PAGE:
What WeWork Is Doing Right and Wrong

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WeWork is an amazing business. They are a phenomenon. There are a lot of reasons why WeWork attained the valuation it currently has — which many consider crazy. It was reported last week that the valuation was being slashed — but it is still crazy even at half the price. 

SEE ALSO: Co(ld) War: Why Some Landlords Prefer WeWork and Others Reach for Knotel

The first question worth asking is why WeWork was originally valued at $47 billion.

WeWork does a lot of stuff right. Aside from being exceptional at presenting themselves to both the capital markets and the market at large, flexibility is right and what tenants are demanding. Services delivered as part of being a broader property offering is right. Community is right. And providing workspace catering specifically for the millennial work force is spot-on.

Given the fact that flexible workspace will become 20 to 30 percent of all commercial real-estate (from 5 percent as it is now) provides a lot of headroom for growth. This opportunity validates the high WeWork valuation. It is indisputable that offering more flexible terms and smaller spaces in commercial real estate has a higher yield per square foot. However, delivering services and term rights for these services diminishes this high yield because of service overhead. In trying to land grab for this opportunity, which could potentially be 20 to 30 percent of a trillion-dollar market, it has gotten a lot of stuff wrong.

1) To tackle the cost of servicing smaller and shorter-term leases, automation is critical. WeWork has focused on maximizing utilization of their space but have not automated business processes. This has resulted in a massive service overhead to manage their 250,000 customers globally.

2) WeWork’s rent-in is approximately $150 million a month and their rent-out is approximately $140 million a month. This is before they pay their approximately 10,000 employees plus fit-out costs. Being design-led (one of their competitive advantages) comes with a heavy depreciation overhead. The bigger issue is that when you have a business the size of WeWork that doesn’t cover its costs through its core business, it becomes a very big ship to turn around. The only way for WeWork to get their business model up to par is to either increase the charge to their customers by a factor of two or three or restructure all of their leases. There is precedent for this, as it was done by Regus (now IWG) only one year after floating their business in the early 2000s. It will be harder now as there are technologies that will help landlords to manage flexibility themselves.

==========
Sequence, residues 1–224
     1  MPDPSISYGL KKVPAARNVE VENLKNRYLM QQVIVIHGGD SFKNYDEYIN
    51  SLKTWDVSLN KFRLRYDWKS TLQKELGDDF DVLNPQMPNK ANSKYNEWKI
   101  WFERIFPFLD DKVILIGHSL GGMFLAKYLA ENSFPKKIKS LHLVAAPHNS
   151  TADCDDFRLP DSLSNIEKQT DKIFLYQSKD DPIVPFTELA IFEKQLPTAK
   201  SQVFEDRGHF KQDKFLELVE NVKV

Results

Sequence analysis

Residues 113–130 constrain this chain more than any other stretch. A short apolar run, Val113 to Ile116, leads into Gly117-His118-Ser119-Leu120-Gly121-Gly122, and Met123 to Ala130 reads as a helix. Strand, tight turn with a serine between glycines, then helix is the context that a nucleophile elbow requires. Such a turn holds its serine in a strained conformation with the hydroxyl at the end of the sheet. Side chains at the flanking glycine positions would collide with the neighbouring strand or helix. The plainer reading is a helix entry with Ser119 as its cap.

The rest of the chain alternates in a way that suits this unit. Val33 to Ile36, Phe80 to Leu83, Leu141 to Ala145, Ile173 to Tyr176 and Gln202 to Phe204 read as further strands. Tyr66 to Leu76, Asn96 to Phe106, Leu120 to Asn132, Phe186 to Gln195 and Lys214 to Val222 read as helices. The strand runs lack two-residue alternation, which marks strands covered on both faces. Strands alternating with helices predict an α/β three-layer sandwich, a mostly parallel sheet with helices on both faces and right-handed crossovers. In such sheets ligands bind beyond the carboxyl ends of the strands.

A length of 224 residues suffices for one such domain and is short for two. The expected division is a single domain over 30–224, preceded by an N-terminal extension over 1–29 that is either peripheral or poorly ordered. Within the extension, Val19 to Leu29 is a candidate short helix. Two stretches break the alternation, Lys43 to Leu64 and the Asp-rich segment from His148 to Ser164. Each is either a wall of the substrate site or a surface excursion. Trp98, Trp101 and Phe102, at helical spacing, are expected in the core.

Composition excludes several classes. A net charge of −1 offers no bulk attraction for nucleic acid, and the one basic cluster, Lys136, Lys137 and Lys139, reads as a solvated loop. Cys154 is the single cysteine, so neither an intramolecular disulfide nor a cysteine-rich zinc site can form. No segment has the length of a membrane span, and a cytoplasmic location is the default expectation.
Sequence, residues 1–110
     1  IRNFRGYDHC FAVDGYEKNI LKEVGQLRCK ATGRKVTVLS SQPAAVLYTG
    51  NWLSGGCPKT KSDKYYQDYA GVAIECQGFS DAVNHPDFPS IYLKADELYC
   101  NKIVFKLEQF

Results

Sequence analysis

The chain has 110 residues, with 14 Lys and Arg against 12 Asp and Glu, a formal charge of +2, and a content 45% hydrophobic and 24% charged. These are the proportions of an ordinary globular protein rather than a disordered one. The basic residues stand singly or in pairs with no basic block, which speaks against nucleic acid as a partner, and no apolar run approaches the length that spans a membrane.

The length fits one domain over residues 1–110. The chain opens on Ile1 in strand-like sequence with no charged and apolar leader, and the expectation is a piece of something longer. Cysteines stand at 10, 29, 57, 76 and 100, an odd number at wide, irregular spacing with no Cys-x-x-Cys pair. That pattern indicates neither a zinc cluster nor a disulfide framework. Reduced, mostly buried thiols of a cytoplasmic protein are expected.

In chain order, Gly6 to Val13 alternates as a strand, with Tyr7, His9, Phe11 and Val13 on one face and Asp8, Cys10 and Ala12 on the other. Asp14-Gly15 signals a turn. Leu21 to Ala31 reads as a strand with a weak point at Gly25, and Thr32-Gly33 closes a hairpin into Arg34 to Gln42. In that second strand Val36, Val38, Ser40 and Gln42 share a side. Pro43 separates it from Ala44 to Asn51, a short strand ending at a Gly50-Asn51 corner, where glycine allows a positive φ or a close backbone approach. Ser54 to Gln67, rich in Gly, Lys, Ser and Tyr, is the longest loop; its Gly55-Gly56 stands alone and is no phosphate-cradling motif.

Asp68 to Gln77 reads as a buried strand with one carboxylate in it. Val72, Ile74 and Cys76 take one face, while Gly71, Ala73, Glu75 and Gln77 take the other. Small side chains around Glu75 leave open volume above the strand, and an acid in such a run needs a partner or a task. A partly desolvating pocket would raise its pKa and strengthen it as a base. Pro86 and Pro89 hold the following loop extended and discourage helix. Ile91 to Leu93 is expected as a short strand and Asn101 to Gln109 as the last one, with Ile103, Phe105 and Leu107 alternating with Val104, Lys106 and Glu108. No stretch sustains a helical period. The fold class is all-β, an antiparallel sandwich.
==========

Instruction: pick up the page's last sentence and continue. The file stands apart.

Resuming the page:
3) WeWork very often claims that they are a lot like Amazon (who once had an unprofitable business), claiming that once they grew their business to scale, they would make money. However, WeWork is the opposite. Amazon couldn’t scale their business fast enough to produce enough income to pay for that infrastructure. WeWork, on the other hand, has scaled and acquired enormous liabilities without building for scale and automated. As such, they have no capability to utilize redundant infrastructure to create a profitable enterprise.

4) WeWork is not a technology business. While they have been aggressively acquiring technology enterprises in an attempt to build an eco-system, there is no WeWork technology platform that either helps WeWork run their business in an automated way or improves their customer experience. Recent conversations that I’ve had with multiple WeWork customers say that the technology platform offered to their community has not changed in five years. 

5) Landlords are not going to sit back and be dis-intermediated by an operator. The capability to offer flexibility, services, amenities and community to tenants is getting easier for landlords. Landlords are acquiring the capability to not only match but create a better offering than WeWork. (I’m slightly biased because I’m helping them to do this.)

The commercial real-estate industry needed to be disrupted. Commercial landlords need to be more focused on creating a better tenant experience and on maximizing value for the communities that they have built within their spaces. WeWork has proven that this demand is real and that change must happen. But, the right business model for the delivery of a product that meets these requirements has not been delivered by them. I hope that WeWork is successful and survives to deliver on the promise that flexibility, services, and community will make businesses of all sizes more productive.

My view is that there will be a role for landlords to offer flexibility themselves and there will be a role for operators like WeWork, IWG, Servcorp and Industrious.

Despite the great things WeWork has done for the flexible workspace industry, their land-grab-at-all-costs may prove to be their peril.

Marcus Moufarrige is the former COO of Servcorp and founder of ility, a tech platform to offer flexibility for landlords through automation.